Parliamentary Secretary for Planning Michael Farrugia insisted that the governments had no lessons to learn from the opposition, and questioned how certain groups were only speaking up at this stage. He accused representatives of losing bidders for the project of trying to sow doubt.
Dr Farrugia said that an offshore unit would have a greater impact on fishermen, since the buffer area that needed to be established around it would affect their livelihood. He also said that the offshore unit at Livorno – which is often cited as an example to follow by the PN – was a very rare scenario: practically all other tankers were moored close to shore.
Opposition MP and former resources minister George Pullicino stressed that the project consisted of three parts: the power station, the tanker and the regasification unit, which, he said, would cost some €180 million.
In light of this cost, he expressed scepticism about the government’s assertion that the tanker would only be in place for a few years, questioning who would spend so much for such a temporary arrangement.
Busuttil: are experts scaremongering too?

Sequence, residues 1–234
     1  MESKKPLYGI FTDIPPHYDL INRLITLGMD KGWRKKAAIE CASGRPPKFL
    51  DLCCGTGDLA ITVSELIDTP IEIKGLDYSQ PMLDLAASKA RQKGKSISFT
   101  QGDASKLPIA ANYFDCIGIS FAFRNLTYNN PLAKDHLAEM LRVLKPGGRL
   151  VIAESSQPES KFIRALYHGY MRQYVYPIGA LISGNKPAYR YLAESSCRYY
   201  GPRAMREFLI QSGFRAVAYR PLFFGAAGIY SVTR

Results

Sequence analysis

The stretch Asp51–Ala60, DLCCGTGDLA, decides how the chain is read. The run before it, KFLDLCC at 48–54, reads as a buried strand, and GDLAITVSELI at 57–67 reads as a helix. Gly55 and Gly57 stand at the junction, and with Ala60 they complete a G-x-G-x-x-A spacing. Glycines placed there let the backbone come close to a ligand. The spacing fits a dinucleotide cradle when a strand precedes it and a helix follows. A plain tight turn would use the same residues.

Opposition leader Dr Simon Busuttil stressed that the opposition was stepping in after the government failed to heed the public’s concern, and stressed that the same concerns it raised were also raised by experts, including Dutch expert Hans Pasman.
He noted that Prof. Pasman argued that it would be much safer to place the gas storage facilities out at sea, quoting him as stating that if a leak took place and the gas cloud was ignited – even with a cigarette – it would kill all those caught in the flame and may have a blast effect that would be 50% lethal.
Dr Busuttil also noted that the report prepared by Greek expert Giorgios Papadakis for the Occupational Health and Safety Authority carried a huge disclaimer, as it claimed that there was no risk unless there was an ignition source.
The PN leader questioned the government’s assertion that keeping the ship offshore was more dangerous, noting that the government appeared to be more concerned about risks to the ship than about the risks faced by residents.
He also said that the tanker was in breach of the government’s electoral manifesto, which suggested that LNG would be stored onshore.
Dr Busuttil condemned Labour’s 5th district MPs – with the exception of Marlene Farrugia – for failing to voice their constituents’ concerns in parliament.
He concluded by insisting, as Mr Callus had earlier done, that there was still time for the government to change course.